Our new home town is a book lover’s paradise. We’ve got Powell’s, of course, and Annie Bloom’s. At the Hillsboro farmer’s market I found a used bookstore behind the berry stand, where I scored a crusty Stephen King and two pulp novels. Then there’s the Tigard library, where my son and I received our shiny new cards and made off with such a teetering stack of loot that I could hardly wrestle it into the car. And five minutes from home is a Barnes & Noble, which I investigated last week while Drew was at the other end of the strip mall trying to sort out our new phone numbers.
What’s better than a bookstore. So peaceful, so alluring. All those lovely pages, those uncreased spines lined up on the shelves. Imagine walking into a bookstore and finding your own name, opening a book to see the words you conjured set to print, your whole story laid out between the covers in beautiful font and declarative chapter numbers, filigreed marks at the scene breaks. Wouldn’t it be strange to lurk nearby and see someone pick up your book? Flip it over, read a few pages, carry it to the cash register? What a trip.
As I was nosing through the mystery section, I heard Drew’s voice saying, Hold on a minute, let me find her . . . I zigged through the shelves and he zagged, but eventually we made contact near the cookbooks and he handed me my phone.
It was my agent. It was The Call.
The final offers are in, all decisions made, and my book is SOLD!!! Yes indeed, I kid you not, I was actually in a bookstore when I got the news that Tapestry of Scars will be joining the ranks. It’s been bought in a two-book deal by MIRA, to go out in trade paperback. Do you hear that? My book is sold! So’s the next one! Three cheers for the dark side! Three cheers for the little thriller that could!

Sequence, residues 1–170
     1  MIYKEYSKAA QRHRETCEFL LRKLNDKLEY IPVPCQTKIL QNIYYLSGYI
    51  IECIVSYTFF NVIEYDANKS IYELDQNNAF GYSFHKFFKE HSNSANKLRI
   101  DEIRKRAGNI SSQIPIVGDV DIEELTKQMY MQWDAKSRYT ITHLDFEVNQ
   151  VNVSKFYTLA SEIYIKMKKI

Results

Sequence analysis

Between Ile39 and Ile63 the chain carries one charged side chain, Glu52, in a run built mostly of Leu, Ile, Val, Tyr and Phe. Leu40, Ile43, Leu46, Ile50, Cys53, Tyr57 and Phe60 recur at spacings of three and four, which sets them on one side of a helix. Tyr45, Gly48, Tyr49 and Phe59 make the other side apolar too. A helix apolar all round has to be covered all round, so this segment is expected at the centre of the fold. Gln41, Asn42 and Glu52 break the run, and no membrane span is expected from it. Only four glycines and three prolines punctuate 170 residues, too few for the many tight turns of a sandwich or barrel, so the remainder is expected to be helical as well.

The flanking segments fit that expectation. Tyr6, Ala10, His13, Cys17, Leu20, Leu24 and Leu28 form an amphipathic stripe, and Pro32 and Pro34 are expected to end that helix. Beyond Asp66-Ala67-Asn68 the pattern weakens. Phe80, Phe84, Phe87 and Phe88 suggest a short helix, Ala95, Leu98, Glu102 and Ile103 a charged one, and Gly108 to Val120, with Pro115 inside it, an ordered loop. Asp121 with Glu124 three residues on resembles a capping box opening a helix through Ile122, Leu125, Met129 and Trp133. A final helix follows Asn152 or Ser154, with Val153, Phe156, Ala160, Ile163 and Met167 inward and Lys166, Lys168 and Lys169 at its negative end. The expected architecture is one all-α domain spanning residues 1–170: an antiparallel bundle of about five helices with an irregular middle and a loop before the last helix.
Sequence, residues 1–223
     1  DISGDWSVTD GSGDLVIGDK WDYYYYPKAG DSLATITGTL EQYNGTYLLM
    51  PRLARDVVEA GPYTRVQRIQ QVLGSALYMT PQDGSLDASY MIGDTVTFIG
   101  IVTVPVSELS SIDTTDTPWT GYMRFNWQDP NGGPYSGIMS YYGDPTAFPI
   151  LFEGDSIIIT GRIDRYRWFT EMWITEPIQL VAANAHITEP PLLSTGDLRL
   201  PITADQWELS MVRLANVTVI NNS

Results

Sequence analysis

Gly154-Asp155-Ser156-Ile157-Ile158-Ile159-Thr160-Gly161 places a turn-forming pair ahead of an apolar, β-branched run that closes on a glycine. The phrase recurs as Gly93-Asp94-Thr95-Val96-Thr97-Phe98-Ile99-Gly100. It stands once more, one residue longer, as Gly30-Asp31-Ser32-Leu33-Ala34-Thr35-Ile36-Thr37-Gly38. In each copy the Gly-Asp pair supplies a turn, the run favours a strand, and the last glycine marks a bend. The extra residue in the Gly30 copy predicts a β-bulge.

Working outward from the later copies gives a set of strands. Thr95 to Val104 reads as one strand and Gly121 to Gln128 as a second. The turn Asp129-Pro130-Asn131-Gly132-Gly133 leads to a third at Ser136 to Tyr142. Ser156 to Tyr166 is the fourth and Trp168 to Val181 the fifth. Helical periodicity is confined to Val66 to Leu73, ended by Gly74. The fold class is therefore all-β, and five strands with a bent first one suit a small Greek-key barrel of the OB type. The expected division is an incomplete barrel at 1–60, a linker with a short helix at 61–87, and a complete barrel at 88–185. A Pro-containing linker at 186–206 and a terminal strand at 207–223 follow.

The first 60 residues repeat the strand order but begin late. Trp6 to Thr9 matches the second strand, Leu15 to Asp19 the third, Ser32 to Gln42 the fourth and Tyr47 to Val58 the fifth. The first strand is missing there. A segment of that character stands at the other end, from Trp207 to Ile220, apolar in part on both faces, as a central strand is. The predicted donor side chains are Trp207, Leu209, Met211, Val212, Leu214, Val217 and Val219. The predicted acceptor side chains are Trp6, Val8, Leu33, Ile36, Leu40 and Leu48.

And it gets better. I’ve gotten familiar with MIRA during these past few weeks, and I could not be happier to be working with them. Not only because I’ve seen the imprint face-out all over B&N, not only because I like their covers and the range of titles and authors, but because the editors are fired up about my book. My agent said when he called to accept their offer, a squeal of delight could be heard over the phone lines–and if that doesn’t warm a writer’s heart, I don’t know what would. And the folks at Harlequin really know their stuff when it comes to the women’s market. I am in very good hands.
I hung up the phone and wandered back to the fiction aisles, still somewhat dazed by the news. The woman next to me pulled out a book, turned it over, read a couple of pages and walked away with the book in her hand.
Happy, happy day!